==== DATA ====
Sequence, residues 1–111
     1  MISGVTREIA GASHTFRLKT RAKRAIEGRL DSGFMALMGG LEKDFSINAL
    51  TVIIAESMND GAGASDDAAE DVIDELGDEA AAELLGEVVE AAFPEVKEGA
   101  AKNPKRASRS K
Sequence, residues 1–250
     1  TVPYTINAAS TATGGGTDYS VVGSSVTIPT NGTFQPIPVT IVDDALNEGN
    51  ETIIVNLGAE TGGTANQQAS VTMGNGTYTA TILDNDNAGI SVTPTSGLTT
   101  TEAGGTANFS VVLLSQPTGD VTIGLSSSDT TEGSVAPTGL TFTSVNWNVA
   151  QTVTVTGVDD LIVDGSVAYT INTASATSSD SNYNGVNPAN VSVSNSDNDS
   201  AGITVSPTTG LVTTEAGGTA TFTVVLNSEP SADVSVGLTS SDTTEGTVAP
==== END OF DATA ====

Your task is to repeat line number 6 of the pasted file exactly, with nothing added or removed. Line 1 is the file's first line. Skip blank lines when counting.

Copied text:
     1  TVPYTINAAS TATGGGTDYS VVGSSVTIPT NGTFQPIPVT IVDDALNEGN